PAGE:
Touch Foundation is committed to achieving the United Nation’s Sustainable Development Goals (SDGs), focusing on strengthening health systems to ensure a better and more sustainable future for all. We believe that healthcare workers are the ultimate drivers of SDG 3 (ensuring health and well-being for all). When designing and implementing programs like Prioritization and Optimization Analysis (POA), we collaborate with global actors to ensure long-term, locally led change that supports the equitable distribution of healthcare workers and accelerates the realization of the SDGs.
The COVID-19 pandemic has solidified what many of us already knew: healthcare workers, in adequate numbers and with the proper mix of skills to meet the needs of the communities they serve, is a nonnegotiable part of ensuring health and well-being for all people, everywhere (SDG 3). We created POA (Prioritization & Optimization Analysis) to improve the allocation of limited healthcare workers given the demand for health services, as well as real world budget and supply constraints. Using this tool, governments in sub-Saharan Africa and other health workforce planners can deploy healthcare workers to facilities and communities with the greatest need.
Since our inception, Touch Foundation has supported the training of over 6,000 healthcare workers and we’ve used POA, with the support of local governments and PEPFAR, in 4 sub-Saharan African countries to allocate members of the health workforce where they’re needed most. These essential workers are at the heart of achieving SDG 3.
Though significant progress has been made to achieve the Sustainable Development Goals, we still have a long way to go, and countries in sub-Saharan Africa face some of the largest deficiencies in health access. This region carries nearly one quarter of the world’s disease burden while possessing only 3% of its healthcare workforce and only 1% of its financial resources for healthcare. Now, more than ever, given the dramatic setbacks caused by COVID-19, we must buckle down on our collective action over the next 10 years to achieve the health-related SDGs. Working towards good health and well-being will be the keystone in achieving all 17 Goals, from gender equality to decent work and economic growth.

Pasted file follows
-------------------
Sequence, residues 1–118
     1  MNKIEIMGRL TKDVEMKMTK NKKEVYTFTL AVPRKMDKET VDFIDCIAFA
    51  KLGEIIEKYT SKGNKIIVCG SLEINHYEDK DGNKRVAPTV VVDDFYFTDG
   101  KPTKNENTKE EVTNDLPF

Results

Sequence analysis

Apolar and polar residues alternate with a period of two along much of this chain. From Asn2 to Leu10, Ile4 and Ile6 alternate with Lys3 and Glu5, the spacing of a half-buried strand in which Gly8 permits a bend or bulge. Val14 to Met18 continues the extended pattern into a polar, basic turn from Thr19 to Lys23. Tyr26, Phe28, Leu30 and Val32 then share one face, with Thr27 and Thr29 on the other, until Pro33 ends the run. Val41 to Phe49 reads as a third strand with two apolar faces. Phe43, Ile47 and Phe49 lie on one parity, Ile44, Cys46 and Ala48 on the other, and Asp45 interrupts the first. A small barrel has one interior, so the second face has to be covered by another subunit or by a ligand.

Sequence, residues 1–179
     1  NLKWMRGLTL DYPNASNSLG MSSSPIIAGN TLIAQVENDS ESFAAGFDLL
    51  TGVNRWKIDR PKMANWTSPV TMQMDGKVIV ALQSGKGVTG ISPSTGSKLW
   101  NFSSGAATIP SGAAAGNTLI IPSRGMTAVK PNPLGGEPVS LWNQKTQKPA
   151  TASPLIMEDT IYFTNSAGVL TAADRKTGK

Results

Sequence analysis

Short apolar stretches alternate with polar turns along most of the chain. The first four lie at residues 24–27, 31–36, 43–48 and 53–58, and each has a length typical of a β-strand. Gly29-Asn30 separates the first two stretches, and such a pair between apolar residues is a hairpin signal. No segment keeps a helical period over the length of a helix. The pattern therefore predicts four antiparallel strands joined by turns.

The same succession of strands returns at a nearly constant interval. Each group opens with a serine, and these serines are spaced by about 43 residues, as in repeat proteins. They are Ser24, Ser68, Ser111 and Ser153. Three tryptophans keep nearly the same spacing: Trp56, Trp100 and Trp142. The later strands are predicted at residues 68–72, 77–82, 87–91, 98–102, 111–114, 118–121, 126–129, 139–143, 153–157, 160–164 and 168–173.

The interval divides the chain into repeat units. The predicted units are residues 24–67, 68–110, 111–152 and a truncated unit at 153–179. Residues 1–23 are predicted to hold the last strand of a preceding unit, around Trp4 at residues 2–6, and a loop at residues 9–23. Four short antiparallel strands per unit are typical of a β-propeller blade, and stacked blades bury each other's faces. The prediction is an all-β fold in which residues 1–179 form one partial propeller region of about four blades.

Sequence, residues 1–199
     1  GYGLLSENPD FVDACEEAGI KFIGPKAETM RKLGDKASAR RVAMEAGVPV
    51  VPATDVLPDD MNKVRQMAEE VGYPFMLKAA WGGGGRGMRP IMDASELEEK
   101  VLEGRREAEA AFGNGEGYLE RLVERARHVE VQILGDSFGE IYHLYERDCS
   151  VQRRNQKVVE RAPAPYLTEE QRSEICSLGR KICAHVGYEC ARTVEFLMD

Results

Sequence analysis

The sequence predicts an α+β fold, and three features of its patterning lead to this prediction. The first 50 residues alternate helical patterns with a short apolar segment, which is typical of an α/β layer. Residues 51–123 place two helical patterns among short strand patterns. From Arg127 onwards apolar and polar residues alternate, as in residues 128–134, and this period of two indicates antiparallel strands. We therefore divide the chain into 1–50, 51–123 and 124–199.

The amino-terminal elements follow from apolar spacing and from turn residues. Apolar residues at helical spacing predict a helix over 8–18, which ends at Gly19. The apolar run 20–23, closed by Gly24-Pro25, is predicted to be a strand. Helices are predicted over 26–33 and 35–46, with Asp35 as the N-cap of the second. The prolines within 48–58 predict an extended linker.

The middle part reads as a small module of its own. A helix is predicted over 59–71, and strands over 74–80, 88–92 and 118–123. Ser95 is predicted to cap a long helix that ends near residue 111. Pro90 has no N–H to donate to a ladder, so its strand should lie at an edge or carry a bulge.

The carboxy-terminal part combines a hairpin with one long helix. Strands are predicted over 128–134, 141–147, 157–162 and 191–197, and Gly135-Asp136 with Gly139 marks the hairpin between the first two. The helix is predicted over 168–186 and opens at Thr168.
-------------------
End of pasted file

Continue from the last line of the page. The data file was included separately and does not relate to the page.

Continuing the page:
Training, effectively allocating, and supporting healthcare workers is key to achieving nearly every SDG target related to health and well-being. These include ambitious reductions to the global maternal mortality ratio and neonatal mortality rates, ending the AIDS epidemic, and strengthening emergency preparedness and response. With healthcare workers equitably distributed, and thus facilities better staffed, more services become readily available, making it far easier for patients to access care.
To have a sustainable and catalytic impact, we recognize the importance of collaboration across business, government, philanthropy, and civil society partners. That’s why we’re excited to continue our engagement with the United Nations Global Compact and Every Women Every Child, and continue actively partnering with leaders around sub-Saharan Africa to ensure that healthcare workers can fill in the biggest gaps.